The money's gone but don't ask us where
Any shift in budget figures invariably met the response from education chairman Allan MacAskill and finance supremo Joe McGeer that the sums were to be found under a different heading or transferred to the item under discussion.
Councillors eventually got the hang of it. Kilkerran's Alastair McKinlay noted a huge increase in cleaning costs for community education, from Pounds 37,000 to Pounds 165,000. "I suppose Mr McGeer will tell us it's a reallocation, " he commented. "You've answered your own question," MacAskill told him.
"Miscellaneous expenses" had gone from zero to Pounds 10,000 which apparently allows officials to keep track of the number of cups of tea consumed by visitors to the council's offices. But was there a separate coffee allocation?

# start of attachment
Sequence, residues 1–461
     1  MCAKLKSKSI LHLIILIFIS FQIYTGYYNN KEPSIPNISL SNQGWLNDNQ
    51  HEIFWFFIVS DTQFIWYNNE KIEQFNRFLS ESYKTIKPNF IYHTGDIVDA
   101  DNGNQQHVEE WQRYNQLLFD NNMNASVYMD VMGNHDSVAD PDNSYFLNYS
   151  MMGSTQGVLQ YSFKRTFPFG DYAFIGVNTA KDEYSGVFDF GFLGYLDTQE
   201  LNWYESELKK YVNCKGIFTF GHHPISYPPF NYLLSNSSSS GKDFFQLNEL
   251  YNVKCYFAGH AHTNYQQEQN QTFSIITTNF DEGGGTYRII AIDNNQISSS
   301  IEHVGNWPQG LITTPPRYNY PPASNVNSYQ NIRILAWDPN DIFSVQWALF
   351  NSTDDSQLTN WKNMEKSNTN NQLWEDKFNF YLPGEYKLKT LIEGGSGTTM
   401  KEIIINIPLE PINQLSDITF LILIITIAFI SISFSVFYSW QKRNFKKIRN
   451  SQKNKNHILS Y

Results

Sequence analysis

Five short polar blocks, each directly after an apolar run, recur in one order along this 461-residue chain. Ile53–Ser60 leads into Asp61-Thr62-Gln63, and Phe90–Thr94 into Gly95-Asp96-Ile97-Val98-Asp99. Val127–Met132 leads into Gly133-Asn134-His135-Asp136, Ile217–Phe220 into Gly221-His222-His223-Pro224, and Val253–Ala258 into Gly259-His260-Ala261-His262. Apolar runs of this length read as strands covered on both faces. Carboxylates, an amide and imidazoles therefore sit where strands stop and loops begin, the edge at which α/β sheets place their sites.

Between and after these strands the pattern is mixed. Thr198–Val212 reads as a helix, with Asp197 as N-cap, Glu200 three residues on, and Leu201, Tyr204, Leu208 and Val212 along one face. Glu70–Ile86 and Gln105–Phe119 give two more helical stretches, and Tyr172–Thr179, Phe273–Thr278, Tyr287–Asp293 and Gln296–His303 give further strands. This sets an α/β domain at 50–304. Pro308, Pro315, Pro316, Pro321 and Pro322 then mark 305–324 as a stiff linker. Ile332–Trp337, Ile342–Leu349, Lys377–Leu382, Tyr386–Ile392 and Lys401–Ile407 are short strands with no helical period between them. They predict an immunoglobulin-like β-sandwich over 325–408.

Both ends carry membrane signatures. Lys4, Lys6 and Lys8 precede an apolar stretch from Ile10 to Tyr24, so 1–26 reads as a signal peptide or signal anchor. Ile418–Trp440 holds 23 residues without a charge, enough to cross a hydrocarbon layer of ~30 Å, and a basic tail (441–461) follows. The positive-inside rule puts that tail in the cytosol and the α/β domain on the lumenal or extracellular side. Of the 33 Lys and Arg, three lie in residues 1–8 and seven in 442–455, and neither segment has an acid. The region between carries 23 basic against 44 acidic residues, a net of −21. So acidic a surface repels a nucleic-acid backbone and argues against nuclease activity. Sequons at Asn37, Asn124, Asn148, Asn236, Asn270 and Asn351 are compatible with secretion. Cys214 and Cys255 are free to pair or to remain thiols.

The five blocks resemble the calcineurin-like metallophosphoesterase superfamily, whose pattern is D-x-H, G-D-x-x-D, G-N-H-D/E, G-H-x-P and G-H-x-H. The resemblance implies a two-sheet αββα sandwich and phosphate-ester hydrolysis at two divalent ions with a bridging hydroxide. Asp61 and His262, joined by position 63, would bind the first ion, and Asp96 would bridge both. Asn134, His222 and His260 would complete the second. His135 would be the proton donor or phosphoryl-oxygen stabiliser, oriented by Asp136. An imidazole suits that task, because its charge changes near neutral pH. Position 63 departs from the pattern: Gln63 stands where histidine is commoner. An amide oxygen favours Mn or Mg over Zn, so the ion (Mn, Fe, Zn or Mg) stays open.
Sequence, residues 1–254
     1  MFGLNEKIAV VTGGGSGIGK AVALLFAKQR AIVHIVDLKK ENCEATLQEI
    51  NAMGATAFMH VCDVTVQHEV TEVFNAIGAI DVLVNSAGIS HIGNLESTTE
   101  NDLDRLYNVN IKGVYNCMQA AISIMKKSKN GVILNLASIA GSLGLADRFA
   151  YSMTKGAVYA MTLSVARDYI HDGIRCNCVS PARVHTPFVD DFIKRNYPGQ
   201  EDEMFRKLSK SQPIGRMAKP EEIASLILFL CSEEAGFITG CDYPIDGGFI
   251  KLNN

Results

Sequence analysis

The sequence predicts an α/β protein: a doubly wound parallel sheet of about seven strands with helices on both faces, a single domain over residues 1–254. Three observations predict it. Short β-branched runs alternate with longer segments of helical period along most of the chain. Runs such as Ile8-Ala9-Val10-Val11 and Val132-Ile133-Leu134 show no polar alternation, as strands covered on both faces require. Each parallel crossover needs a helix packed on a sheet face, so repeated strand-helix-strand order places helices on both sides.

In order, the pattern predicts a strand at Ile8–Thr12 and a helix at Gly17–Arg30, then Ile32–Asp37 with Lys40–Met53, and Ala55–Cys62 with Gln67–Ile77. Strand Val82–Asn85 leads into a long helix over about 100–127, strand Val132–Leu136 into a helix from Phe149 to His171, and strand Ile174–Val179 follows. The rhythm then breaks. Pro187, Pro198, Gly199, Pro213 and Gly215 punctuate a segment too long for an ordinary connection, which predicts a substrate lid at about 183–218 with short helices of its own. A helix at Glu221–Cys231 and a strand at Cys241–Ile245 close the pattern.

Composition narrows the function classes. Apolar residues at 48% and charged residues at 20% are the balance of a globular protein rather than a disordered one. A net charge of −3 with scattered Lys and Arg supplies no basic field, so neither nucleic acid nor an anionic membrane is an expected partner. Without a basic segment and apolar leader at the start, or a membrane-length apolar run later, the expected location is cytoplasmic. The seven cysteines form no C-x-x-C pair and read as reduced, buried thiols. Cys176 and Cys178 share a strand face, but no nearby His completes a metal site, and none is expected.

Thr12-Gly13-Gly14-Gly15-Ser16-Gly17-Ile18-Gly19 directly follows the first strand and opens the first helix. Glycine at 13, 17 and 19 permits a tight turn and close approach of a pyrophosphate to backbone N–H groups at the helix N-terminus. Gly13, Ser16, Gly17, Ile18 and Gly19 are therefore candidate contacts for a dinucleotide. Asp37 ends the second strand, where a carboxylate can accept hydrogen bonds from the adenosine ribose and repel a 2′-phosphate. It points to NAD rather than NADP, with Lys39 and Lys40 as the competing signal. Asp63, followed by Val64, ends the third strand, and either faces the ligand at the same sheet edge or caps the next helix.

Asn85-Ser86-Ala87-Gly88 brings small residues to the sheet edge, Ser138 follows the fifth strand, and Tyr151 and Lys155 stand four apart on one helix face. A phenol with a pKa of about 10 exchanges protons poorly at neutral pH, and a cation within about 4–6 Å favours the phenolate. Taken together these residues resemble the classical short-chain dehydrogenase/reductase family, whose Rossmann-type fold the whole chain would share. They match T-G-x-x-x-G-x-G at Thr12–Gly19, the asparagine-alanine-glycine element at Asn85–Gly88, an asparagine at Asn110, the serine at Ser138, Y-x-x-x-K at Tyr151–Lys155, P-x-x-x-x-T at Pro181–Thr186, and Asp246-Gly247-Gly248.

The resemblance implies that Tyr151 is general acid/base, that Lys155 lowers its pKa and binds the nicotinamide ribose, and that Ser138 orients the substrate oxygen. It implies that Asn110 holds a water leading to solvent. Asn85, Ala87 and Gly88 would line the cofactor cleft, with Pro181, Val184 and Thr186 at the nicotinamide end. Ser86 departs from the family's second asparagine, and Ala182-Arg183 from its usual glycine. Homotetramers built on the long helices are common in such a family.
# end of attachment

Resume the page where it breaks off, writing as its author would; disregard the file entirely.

MacAskill expressed the hope that "if we're alive next year things will be simpler and the basis of allocation clearer". This sounded suspiciously familiar to the SNP's Campbell Cameron who told him: "You said that last year." But, of course, the councillors at that time were merely a shadow of their present selves.
It was then over to director Archie Morton, who got his retaliation in first. A series of overhead slides, modestly coloured compared with the old Strathclyde versions, revealed a slimmed down directorate, wondrously effective and even earning income for the service.
Morton was anything but obscure although he did obscure the view of one councillor who asked the director to stand to the other side of the screen. Wary of tripping over some wires, Morton warned: "If I go up in a blue smoke . . ." Before he could finish, the elected members immediately spotted the potential. "Savings, savings," they chanted.
One councillor must have been harbouring unkind thoughts on the necessity of having a director. "Could Mr Morton stand behind the screen?" he wondered.